TL;DR

On with TASK #2 from The Weekly Challenge #189. Enjoy!

# The challenge

You are given an array of 2 or more non-negative integers.

Write a script to find out the smallest slice, i.e. contiguous subarray of the original array, having the degree of the given array.

The degree of an array is the maximum frequency of an element in the array.

Example 1

Input: @array = (1, 3, 3, 2)
Output: (3, 3)

The degree of the given array is 2.
The possible subarrays having the degree 2 are as below:
(3, 3)
(1, 3, 3)
(3, 3, 2)
(1, 3, 3, 2)

And the smallest of all is (3, 3).


Example 2

Input: @array = (1, 2, 1, 3)
Output: (1, 2, 1)


Example 3

Input: @array = (1, 3, 2, 1, 2)
Output: (2, 1, 2)


Example 4

Input: @array = (1, 1, 2, 3, 2)
Output: (1, 1)


Example 5

Input: @array = (2, 1, 2, 1, 1)
Output: (1, 2, 1, 1)


# The questions

What to do in case there are two slices of the same minimal size? Like 1 2? I guess either one is fine.

# The solution

This was a challenging challenge. Kudos to manwar for it!

Initially I thought about calculating the so-called degree and then chopping the array from both ends until this degree drops down.

Alas, this requires taking care of a lot of possible corner cases. E.g. consider the following example:

1 2 1 3 3 4 5 4


The degree is 2, held by 1, 3, and 4. The shortest sequence is 3 3, which appears in the middle, so itâ€™s â€śdifficultâ€ť to reach if we just apply the chopping algorithm describe above.

So I thought that it was time to get something heavier out, i.e. full analysis parameters as we sweep throuth the whole array, keeping track of all possible sub-arrays for each value appearing in the input array, then choosing the best at the end.

Hence, weâ€™ll do this:

• keep track of statistics in a data structure for each distinct value we find data structure, with the following data inside:
• first index where the item appears (start)
• last index where the item appears (stop)
• sub-array length (length, i.e. from start to stop included)
• count of occurrences (count)
• keep track of a ladder of structures by the count of their items (which is a running total of the array degree as we go through the input array)
• for each pair of index/value:
• create the structure and initialize its start and count if it does not exist yet
• increase the count and move the structure up on the ladder
• record the stop position and update the length

At the end of the iteration, we can look at the top of the ladder and order them by increasing length, taking the first one. Its start and stop indexes will allow us extracting the right slice from the input array.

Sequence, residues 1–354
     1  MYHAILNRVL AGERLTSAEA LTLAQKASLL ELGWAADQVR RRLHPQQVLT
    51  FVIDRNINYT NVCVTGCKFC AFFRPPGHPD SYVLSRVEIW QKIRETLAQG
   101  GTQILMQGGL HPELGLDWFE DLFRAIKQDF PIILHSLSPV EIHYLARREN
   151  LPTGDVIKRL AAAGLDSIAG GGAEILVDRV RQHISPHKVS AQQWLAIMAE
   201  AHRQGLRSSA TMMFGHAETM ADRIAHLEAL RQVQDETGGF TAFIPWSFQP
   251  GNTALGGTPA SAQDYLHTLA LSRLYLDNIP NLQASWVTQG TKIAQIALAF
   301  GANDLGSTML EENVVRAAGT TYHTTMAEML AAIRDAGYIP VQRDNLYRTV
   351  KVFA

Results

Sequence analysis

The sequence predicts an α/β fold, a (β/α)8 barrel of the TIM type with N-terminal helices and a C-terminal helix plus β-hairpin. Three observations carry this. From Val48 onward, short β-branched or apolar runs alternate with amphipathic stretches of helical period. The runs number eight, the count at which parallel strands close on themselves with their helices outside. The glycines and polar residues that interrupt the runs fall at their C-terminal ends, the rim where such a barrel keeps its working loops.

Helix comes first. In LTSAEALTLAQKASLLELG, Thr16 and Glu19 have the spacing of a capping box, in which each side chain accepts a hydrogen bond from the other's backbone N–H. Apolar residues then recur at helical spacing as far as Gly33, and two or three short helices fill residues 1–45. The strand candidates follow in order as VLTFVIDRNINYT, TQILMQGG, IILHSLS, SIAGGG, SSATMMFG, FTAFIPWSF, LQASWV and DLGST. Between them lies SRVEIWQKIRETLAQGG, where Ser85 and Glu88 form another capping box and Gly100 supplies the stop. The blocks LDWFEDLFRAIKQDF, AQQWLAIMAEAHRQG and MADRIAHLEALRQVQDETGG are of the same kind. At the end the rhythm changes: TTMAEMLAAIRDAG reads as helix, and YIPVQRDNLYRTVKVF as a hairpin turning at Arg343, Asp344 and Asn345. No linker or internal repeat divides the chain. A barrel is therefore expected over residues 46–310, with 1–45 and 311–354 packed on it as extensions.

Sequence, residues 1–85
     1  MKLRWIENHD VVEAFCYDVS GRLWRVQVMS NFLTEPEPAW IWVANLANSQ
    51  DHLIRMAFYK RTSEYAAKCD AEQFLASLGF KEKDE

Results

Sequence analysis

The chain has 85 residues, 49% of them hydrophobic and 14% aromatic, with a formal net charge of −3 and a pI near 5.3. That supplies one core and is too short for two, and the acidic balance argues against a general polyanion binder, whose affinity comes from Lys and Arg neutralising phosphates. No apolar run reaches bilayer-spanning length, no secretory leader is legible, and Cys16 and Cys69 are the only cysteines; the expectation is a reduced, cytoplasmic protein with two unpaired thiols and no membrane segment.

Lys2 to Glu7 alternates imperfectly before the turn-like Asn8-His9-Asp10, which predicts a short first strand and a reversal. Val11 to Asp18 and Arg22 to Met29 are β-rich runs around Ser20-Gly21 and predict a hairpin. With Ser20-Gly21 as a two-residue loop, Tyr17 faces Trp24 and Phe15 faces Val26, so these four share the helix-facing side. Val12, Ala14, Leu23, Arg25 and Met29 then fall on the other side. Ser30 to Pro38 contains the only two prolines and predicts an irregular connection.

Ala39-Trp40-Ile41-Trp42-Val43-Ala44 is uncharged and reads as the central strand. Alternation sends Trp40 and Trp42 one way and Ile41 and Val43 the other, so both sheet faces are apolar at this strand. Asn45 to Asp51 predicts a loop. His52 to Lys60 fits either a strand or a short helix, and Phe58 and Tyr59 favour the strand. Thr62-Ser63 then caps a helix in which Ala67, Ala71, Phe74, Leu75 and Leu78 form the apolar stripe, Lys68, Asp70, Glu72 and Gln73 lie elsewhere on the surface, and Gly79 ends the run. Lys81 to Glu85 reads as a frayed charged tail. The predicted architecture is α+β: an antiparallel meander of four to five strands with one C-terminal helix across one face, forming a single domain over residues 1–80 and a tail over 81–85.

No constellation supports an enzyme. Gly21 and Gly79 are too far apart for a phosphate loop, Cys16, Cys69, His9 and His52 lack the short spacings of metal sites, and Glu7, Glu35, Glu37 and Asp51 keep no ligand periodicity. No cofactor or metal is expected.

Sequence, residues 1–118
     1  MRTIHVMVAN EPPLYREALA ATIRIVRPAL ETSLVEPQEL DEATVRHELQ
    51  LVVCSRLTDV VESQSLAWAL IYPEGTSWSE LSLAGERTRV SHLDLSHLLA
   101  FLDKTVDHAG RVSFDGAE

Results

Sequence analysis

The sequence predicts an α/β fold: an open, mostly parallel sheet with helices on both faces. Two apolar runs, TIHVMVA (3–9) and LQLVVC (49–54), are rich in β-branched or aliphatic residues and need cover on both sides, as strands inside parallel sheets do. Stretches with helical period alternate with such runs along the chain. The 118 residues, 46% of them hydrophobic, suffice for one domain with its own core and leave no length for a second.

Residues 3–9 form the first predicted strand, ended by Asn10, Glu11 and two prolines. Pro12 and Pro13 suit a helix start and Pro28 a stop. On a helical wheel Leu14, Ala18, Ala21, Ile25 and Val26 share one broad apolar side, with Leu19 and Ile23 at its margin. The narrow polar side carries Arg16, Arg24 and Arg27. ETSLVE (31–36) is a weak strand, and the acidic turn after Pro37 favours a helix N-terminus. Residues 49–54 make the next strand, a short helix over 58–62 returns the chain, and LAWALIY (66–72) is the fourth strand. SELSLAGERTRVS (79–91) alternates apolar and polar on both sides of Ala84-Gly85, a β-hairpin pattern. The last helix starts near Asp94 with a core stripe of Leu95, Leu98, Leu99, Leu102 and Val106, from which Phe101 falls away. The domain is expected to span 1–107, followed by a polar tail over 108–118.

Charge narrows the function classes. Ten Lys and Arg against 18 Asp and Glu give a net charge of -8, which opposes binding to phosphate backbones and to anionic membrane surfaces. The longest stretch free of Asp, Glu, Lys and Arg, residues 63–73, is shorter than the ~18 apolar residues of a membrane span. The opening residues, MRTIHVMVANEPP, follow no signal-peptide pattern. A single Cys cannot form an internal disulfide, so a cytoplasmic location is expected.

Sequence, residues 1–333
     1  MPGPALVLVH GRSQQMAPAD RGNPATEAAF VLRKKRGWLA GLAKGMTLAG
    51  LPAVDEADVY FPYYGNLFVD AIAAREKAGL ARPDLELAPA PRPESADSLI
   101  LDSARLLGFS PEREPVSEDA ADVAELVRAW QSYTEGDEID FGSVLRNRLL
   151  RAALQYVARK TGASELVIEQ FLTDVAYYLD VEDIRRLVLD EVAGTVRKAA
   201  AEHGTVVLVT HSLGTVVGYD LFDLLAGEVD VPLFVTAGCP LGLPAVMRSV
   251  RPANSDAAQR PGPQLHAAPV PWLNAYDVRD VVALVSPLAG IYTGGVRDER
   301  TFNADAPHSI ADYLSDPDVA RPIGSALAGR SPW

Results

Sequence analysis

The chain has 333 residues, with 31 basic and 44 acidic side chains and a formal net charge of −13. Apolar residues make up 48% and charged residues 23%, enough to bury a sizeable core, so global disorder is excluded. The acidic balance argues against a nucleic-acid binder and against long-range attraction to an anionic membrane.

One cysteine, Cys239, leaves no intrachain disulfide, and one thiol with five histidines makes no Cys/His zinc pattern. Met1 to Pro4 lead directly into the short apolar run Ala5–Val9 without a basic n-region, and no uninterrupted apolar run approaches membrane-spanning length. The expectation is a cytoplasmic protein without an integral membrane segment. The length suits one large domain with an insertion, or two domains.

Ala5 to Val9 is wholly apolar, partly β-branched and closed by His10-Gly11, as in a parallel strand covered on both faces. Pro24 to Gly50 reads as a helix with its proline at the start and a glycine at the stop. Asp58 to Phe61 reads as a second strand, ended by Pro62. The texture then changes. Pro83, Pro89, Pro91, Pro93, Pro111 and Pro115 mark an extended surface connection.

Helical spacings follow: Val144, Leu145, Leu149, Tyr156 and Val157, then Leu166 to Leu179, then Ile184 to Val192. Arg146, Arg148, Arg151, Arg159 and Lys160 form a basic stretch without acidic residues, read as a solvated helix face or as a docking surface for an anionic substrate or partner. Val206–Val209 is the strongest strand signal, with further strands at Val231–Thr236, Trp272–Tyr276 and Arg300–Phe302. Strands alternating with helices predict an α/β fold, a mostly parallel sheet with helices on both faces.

OK, enough talking, shut the mouth up and show us the code! This time Perl goes first:

#!/usr/bin/env perl
use v5.24;
use warnings;
use experimental 'signatures';
no warnings 'experimental::signatures';

my @array = @ARGV ? @ARGV : qw< 2 1 2 1 1 > ;
my $ad = array_degree(\@array); {local$" = ', '; say "($ad->@*)"} sub array_degree ($array) {
my %data_for;
my @letter_for = ({});
for my $i (0 ..$array->$#*) { my$item = $array->[$i];
my $data =$data_for{$item} //= { start =>$i, count => 0 };
$data->{stop} =$i;
$data->{length} = 1 +$i - $data->{start}; delete$letter_for[$data->{count}++]{$item};
$letter_for[$data->{count}]{$item} =$data;
}
my ($best) = sort {$a->{length} <=> $b->{length} } values$letter_for[-1]->%*;
return [$array->@[$best->{start} .. $best->{stop}]]; }  Translating this into Raku was very pleasing as it keeps that perlish sensation that I love in the two languages. #!/usr/bin/env raku use v6; sub MAIN (*@array) { @array = 2, 1, 2, 1, 1 unless @array; my @ad = array-degree(@array); put '(', @ad.join(', '), ')'; } sub array-degree (@array) { my %data-for; my @letter-for = {},; for @array.kv ->$i, $item { my$data = %data-for{$item} //= { start =>$i, count => 0 };
$data<stop> =$i;
$data<length> = 1 +$i - $data<start>; @letter-for[$data<count>++]{$item}:delete; @letter-for[$data<count>]{$item} =$data;
}
my $best = @letter-for[*-1].values.sort({$^a<length> <=> $^b<length>})[0]; return [@array[$best<start> .. \$best<stop>]];
}


It helped that I did not have to slip or flat anything!

If youâ€™re curious about the @letter_for/@letter-for variables, it comes from the fact that the items in the array might just as well beâ€¦ items, like letters or stuff. As long as they can be compared for string equality (which happens implicitly when we use them as keys in a hash), weâ€™re good to go with this solution.

Stay safe folks, cheers!

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